Small- and medium-scale industries that play a major role in the Tamil Nadu economy have been suffering from the time of the floods. The IT sector has not been providing as many jobs as it used to.
Tamil Nadu, that emerged as one of the most dynamic and fast-growing states in the country in the last decade—keeping pace with Gujarat—is beginning to lose some of its sheen. Effective governance has been in a limbo ever since the former chief minister J Jayalalithaa was sentenced in the disproportionate assets case in September 2014 . There was a vacuum in the administration during the months she was in prison. Although O Panneerselvam was sworn in as the CM, the only thing he effectively did was to shed copious tears at every given opportunity. When she came out on bail in October, and was sworn in again as the CM, she became a virtual recluse and her concentration was more on her legal issues. Her government did not cover itself with glory and was known more for its ineptitude during the Chennai floods of 2015.
Contrary to popular expectations, Jayalalithaa won the assembly elections in Tamil Nadu in 2016, becoming the chief minister for the second consecutive term. However, she did not keep good health and passed away unexpectedly in December last year. Tamil Nadu politics has plunged into chaos and confusion ever since. The state has always had strong leaders at the helm for decades. Jayalalithaa exercised total control on her partly and ruled the state with an iron hand. She always fought for state-rights and focussed on welfare measures. But, following her death, the AIADMK factions (barring Jayalalithaa-aide Sasikala Natarajan’s nephew, TTV Dhinakaran) have meekly caved in front of the Union government on many policy issues such as GST, the NEET examinations, etc
After a long-drawn battle, there are now only two main factions in the AIADMK: one led jointly by chief minister Edappadi K Palaniswami (EPS) and former chief minister O Panneerselvam (OPS), and the other by Dhinakaran. EPS and OPS were brought together after several meetings with prime minister Narendra Modi and Amit Shah. This did not mean that everything was going to be smooth. Dhinakaran, who was appointed deputy general secretary of the party on the eve of general secretary Sasikala going to jail after the Supreme Court judgement on the disproportionate assets case, has been asserting himself constantly. Dhinakaran claims he is going to be the saviour of the party which has a cadre strength of 1.75 crore. No decision has been announced yet on which faction will get the party symbol.
The political drama continues on many fronts. The main opposition party—the DMK, under M K Stalin—has been waiting for the AIADMK to implode. That is not happening because of the powerful backing from the Centre. The BJP is tightening its grip on the ruling AIADMK faction. However, the state BJP leaders are constantly backing irrelevant causes, alienating the locals. In September, the DMK moved the court to order the government to seek a floor test in the Assembly. On September 14, the Madras High Court decided that there was no urgency to hold a floor test. No partly appears seriously ready for the test.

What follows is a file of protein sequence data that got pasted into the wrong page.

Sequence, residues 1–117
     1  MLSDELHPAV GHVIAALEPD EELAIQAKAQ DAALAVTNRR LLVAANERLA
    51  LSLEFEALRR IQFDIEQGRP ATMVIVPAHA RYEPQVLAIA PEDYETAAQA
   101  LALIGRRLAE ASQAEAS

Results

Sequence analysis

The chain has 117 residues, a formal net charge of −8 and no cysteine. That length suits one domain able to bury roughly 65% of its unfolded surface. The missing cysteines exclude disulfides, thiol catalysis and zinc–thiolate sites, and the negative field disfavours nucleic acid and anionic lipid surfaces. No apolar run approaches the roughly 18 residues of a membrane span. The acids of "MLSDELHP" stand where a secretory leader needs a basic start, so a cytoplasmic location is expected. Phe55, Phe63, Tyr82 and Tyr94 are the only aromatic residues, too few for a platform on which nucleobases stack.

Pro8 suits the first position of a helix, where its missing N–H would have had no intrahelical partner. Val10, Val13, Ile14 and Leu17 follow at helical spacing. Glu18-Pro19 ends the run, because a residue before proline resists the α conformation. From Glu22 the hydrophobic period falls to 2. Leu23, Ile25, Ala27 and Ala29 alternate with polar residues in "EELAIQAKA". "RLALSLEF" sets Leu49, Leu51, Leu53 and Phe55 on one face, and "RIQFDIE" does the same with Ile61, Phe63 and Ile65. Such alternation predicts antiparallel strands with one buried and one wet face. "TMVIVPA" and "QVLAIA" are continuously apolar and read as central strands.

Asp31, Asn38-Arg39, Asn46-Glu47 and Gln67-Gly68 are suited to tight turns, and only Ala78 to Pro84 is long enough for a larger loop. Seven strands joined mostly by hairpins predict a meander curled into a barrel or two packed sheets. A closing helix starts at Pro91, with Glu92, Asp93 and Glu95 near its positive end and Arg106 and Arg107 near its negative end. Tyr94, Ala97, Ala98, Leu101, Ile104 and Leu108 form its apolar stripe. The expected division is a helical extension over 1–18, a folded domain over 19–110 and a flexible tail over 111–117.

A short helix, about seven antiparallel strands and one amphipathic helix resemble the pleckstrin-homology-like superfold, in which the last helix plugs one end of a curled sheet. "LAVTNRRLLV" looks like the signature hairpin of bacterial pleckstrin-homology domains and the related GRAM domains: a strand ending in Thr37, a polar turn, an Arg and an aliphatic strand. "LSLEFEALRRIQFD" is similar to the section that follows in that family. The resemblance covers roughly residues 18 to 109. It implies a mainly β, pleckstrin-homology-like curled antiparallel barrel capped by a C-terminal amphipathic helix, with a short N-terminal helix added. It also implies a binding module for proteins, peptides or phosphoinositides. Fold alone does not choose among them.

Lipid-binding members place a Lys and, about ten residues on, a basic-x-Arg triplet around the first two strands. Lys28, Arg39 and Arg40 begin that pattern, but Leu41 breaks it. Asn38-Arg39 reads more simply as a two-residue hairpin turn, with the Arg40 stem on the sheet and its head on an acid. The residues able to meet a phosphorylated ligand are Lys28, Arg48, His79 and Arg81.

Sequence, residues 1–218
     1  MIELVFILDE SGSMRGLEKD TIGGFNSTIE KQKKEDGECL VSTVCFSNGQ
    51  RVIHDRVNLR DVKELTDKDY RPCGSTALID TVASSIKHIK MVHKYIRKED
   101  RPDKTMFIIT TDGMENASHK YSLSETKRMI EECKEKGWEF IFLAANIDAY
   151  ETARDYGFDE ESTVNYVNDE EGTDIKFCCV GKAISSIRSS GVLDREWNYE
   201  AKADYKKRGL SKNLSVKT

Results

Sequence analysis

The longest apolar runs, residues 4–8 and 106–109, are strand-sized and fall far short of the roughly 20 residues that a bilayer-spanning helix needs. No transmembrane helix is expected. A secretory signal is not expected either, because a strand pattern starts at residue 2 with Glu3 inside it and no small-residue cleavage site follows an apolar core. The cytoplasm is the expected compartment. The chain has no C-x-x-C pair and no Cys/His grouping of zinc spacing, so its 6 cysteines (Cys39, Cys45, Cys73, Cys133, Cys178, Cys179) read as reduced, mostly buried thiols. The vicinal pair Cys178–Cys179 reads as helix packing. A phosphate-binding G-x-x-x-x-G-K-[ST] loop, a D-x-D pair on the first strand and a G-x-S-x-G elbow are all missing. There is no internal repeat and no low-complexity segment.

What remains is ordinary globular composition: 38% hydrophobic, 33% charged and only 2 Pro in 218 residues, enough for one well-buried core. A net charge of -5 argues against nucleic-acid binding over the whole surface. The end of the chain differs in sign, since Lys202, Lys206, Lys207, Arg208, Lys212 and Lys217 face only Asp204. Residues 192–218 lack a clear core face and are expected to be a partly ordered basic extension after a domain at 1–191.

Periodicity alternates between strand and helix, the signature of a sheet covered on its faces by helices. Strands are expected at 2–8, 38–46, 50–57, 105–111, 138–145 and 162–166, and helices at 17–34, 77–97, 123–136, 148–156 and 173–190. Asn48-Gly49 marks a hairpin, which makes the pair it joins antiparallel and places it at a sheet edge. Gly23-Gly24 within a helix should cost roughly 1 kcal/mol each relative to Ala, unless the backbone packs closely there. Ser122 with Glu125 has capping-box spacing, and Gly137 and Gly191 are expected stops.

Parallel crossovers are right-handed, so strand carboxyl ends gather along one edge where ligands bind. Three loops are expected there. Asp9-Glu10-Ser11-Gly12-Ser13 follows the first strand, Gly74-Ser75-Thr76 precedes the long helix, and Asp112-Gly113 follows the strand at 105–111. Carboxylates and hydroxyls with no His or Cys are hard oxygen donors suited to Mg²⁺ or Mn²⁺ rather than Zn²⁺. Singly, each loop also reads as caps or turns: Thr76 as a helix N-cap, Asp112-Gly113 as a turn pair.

The various agitations by farmers, residents opposing development projects, and the NEET have not been dealt with any serious application of mind but curbed with a heavy hand. A young girl committing suicide because she did not get a medical seat due to low score in NEET brought students out on the road. Disgruntled elements jump into every agitation. There is resentment on many fronts.
The state recorded the lowest growth in the manufacturing sector in FY17, a mere 1.65% over last year, according to the data released by RBI. Neighbouring Andhra Pradesh recorded 10.36% and Telangana 7.1% in the same period. Between FY15 and FY16, Tamil Nadu registered a growth of 7.11% in manufacturing. The slow growth might reflect the general slowdown in the economy. But that does not seem to affect the people rushing to Andhra and Telangana. HCL, which has its largest development centre in Chennai , is expanding in a big way in Vijayawada (Telangana)~although it is putting up a smaller centre in Madurai (Tamil Nadu) as well. Andhra and Telangana have been far more welcoming of domestic and foreign investment than Tamil Nadu. The political instability in the state is putting off potential investors.
The manufacturing slowdown has had its impact on industries such as construction, a major job-provider. The non-availability of sand due to various scams and increasing input prices has led to lack of demand. “Tamil Nadu has been dealt many blows. Even before the city and the outskirts could recover from the floods, it had to come to terms with the death of a popular and strong CM, a devastating cyclone and demonetisation. The Real Estate (Regulation and Development) Act, RERA was passed at the same time. It is a good act but there are just too many changes happening at the same time,” say construction industry sources.
Small- and medium-scale industries that play a major role in the Tamil Nadu economy have been suffering from the time of the floods. The IT sector has not been providing as many jobs as it used to. Industrial clusters like Sivakasi, the country’s largest manufacturer of fireworks, have been battered on many fronts. Nobody quite understands the government’s hostile attitude towards the film industry, another major job-provider.
The much-touted freebie culture is taking a backseat as well. The election promise of giving free smart phones and Rs 25,000 subsidy for scooties for women has faded from everybody’s memory. The state is seriously cash-strapped with various payments being held up for long periods. A stable decisive administration does not appear anywhere in sight in the near future.